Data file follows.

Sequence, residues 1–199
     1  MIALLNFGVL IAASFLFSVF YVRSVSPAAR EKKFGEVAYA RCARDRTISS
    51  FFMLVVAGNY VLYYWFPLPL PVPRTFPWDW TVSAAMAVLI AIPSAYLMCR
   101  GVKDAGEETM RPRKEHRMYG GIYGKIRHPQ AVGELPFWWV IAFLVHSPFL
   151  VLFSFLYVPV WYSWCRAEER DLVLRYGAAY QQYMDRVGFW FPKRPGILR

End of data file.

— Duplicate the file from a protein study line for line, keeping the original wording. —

Sequence, residues 1–199
     1  MIALLNFGVL IAASFLFSVF YVRSVSPAAR EKKFGEVAYA RCARDRTISS
    51  FFMLVVAGNY VLYYWFPLPL PVPRTFPWDW TVSAAMAVLI AIPSAYLMCR
   101  GVKDAGEETM RPRKEHRMYG GIYGKIRHPQ AVGELPFWWV IAFLVHSPFL
   151  VLFSFLYVPV WYSWCRAEER DLVLRYGAAY QQYMDRVGFW FPKRPGILR